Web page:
KAMPALA – Although there has been an ever-increasing discussion about mental illness and the disruptive effect it can have on people’s lives, Uganda’s situation is dismal. More than half of the youth presenting at psychiatric hospitals for first-time treatment have a psychotic illness. This implies that they experience reality in a different way to other people causing them to hear or see things that others do not. This is revealed in research conducted by the faculty of Makerere University’s Department of Psychiatry to determine the burden of psychotic disorders among patients receiving first-time treatment at Butabika National Psychiatric Hospital. The research is titled; ‘One-year prevalence of psychotic disorders among first treatment contact patients at the National Psychiatric Referral and Teaching hospital in Uganda.’
It involved 1685 patients who presented to the hospital for the first time between January 1 and December 31 2018. On average, there were five new patients accessing the hospital daily in 2018. Two-thirds of these patients, aged 24 to 36, had a psychotic disorder, mainly schizophrenia, where a person loses contact with reality and experiences a range of extreme symptoms including hallucinations, delusions and disorganized speech. The onset of psychosis was mainly attributed to drug and substance abuse. Moreover, psychotic disorders were found to be more prevalent among people of the Pentecostal faith. Dr Emmanuel Mwesiga, the Principal Investigator of the study, emphasizes that this finding does not mean that people of this faith are more at risk for psychotic disorders. Rather, it could imply that people of the pentecostal faith are more likely than other faiths to seek care for the national psychiatric hospital than other faiths.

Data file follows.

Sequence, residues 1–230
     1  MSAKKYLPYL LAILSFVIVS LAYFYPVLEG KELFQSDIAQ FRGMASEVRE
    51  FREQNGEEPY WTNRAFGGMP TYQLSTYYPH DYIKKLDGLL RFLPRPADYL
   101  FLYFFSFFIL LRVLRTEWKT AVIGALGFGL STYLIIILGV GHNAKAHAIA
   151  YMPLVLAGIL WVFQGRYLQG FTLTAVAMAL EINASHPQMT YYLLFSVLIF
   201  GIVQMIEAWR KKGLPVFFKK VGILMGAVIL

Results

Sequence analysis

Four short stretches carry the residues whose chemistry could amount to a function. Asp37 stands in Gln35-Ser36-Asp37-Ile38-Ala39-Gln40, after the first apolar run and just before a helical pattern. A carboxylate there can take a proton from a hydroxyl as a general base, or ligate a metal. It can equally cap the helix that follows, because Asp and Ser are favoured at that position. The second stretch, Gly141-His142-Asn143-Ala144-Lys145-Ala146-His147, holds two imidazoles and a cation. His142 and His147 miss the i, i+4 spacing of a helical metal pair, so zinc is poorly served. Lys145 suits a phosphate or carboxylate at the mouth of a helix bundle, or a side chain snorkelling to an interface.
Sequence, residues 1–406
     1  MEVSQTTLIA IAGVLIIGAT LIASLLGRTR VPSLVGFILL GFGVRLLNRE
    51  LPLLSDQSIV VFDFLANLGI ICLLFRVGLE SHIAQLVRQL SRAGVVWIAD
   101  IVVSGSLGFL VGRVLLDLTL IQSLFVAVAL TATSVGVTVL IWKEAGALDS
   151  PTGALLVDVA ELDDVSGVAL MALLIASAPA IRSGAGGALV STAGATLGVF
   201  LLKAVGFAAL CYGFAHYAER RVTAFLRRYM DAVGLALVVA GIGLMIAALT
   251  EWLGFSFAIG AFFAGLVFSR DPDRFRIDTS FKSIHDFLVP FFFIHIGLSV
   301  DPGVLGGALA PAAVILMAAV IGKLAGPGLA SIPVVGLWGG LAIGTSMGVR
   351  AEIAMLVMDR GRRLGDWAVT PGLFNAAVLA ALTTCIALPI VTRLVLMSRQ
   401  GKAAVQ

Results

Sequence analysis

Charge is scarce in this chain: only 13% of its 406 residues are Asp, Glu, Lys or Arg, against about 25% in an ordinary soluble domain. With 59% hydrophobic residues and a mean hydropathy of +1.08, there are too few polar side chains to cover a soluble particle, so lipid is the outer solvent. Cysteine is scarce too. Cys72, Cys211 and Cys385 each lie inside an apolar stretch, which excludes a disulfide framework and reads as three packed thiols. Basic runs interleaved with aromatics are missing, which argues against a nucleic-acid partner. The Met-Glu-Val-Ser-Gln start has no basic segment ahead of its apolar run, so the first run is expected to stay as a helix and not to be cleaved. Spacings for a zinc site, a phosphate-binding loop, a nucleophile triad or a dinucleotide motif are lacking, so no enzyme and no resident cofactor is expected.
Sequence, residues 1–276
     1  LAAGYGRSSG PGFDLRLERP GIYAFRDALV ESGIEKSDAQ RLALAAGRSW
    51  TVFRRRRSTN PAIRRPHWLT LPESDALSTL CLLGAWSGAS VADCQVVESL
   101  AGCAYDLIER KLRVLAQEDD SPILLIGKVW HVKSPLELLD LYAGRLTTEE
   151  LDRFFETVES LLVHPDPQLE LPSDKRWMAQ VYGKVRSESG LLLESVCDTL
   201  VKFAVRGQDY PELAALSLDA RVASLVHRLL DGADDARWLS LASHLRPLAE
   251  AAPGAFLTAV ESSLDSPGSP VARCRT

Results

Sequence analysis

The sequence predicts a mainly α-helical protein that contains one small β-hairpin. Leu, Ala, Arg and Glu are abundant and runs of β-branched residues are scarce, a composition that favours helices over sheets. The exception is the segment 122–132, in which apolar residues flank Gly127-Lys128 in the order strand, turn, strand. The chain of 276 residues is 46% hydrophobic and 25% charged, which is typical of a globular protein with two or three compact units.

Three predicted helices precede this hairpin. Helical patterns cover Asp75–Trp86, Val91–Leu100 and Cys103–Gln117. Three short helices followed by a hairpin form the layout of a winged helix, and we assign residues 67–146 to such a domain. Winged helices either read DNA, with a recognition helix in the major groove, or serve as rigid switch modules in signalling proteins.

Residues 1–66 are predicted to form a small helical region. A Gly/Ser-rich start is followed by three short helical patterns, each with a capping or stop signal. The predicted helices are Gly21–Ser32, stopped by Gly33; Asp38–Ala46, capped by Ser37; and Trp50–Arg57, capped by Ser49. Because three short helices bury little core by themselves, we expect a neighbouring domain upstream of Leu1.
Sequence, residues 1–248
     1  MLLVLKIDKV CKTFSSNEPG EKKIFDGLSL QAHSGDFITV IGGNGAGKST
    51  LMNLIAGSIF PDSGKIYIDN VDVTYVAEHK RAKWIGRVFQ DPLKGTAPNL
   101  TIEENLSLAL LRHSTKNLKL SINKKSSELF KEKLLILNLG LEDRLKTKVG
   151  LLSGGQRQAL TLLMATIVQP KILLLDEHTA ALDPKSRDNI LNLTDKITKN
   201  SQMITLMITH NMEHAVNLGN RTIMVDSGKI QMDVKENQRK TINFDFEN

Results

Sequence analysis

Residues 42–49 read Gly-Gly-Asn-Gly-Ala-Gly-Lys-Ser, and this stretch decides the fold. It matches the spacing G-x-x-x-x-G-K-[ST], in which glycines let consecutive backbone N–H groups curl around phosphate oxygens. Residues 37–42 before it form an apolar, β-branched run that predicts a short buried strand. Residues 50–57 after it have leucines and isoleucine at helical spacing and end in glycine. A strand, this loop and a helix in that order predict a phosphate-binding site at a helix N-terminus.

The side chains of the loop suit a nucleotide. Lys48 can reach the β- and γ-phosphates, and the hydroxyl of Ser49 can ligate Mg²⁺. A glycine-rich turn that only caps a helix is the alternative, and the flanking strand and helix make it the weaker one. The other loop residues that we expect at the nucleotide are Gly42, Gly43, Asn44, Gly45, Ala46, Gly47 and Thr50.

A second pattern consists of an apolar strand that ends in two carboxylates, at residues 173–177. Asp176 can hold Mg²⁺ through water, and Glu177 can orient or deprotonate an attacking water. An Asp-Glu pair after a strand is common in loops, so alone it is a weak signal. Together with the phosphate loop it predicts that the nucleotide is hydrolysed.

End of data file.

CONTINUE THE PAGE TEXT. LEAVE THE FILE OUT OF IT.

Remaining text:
One plausible explanation may be that due to the beliefs in supernatural causes of psychotic disorders, patients may resort to this faith because of its perceived ability to health mental disorders through prayer. These patients who join the faith eventually present to the hospital,” he explains.
Since religion is an important element in the recovery of individuals with psychosis, understanding this phenomenon in the Pentecostal faith compared to other religions requires further study
Globally, it is estimated that 970 million people have a mental health or substance abuse disorder with anxiety being the commonest mental illness (Our World in Data, 2018). It is estimated mental disorders are attributable to eight million deaths worldwide annually. If psychosis is not addressed timely and correctly, Dr Mwesiga notes that patients may have relapses and poor social functioning. Relapse is associated with disability in work and physical complications such as heart disease and respiratory illnesses.
Interestingly, despite the high burden of psychotic illness among first-time patients, mood disorders such as bipolar disorder were also significantly high. About 30% all new patients had bipolar and substance use disorders.
“This suggests that there may be a benefit in introducing specialized early intervention services for psychotic disorders, especially at the first episode of psychosis, at the hospital. This will lead to better outcomes for patients,” Dr Mwesiga says.
Early management, at the first episode of psychosis, has been associated with greater cognitive functioning, improved social functioning, fewer relapses and improved quality of life.